Another one by Alfred Hitchcock.
It’s about a teenager named Charlie who wants some excitement in her life. Her namesake, Uncle Charlie, shows up and she is delighted. He has been somewhere else and is different and dashing. But later she begins to suspect that all is not right with Uncle Charlie.
The movie felt like it was based on a novel; it wasn’t. Hitchcock and Thornton Wilder developed it. It explores the possible corruption lurking under the simple, pleasant surface of small town USA.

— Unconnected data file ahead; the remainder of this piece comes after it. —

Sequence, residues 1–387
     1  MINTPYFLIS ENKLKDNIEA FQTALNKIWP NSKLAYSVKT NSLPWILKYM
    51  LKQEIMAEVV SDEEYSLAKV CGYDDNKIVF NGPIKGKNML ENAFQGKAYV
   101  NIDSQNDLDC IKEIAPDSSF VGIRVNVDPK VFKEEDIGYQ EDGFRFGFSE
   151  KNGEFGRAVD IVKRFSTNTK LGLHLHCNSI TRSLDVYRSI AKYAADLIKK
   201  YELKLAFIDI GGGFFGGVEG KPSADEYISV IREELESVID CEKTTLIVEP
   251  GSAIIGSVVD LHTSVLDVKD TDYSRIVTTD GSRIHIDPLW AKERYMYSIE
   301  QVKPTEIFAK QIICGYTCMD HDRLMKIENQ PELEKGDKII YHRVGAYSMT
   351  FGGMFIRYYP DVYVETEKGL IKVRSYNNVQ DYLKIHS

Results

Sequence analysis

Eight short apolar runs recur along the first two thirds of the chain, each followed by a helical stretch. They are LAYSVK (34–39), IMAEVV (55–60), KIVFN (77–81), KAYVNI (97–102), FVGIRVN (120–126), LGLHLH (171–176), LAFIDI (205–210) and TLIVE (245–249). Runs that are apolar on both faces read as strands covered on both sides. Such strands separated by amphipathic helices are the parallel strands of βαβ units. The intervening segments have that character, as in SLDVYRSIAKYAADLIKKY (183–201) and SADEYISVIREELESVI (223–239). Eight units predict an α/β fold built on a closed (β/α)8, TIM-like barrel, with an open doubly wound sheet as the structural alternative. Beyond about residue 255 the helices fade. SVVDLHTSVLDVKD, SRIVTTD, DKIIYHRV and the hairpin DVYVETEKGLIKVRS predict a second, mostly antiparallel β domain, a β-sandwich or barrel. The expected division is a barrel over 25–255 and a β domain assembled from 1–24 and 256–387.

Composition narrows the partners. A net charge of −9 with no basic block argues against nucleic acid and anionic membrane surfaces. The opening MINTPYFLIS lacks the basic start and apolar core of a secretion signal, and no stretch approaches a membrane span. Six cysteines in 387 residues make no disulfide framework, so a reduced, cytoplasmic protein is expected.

Still, there were loose ends, like the psychic powers that showed up only when convenient to the story.
The mother appeared to be ditsy but she’s more aware of the world around her than I thought. I’m not sure what the precocious younger sister’s role was. I think she was simply comic relief. Charlie’s dad and the neighbor (Hume Cronyn) have a macabre interest in murder that is both funny and creepy.
I didn’t buy the ending as remotely plausible but I did appreciate its irony.
Despite all this negativity, I liked the movie. I thought the setting was an interesting departure for Hitchcock and it is an intriguing idea.
It was like a precursor to Strangers on a Train which is my 3rd favorite Hitchcock movie.
I think Shadow of a Doubt is definitely worth seeing.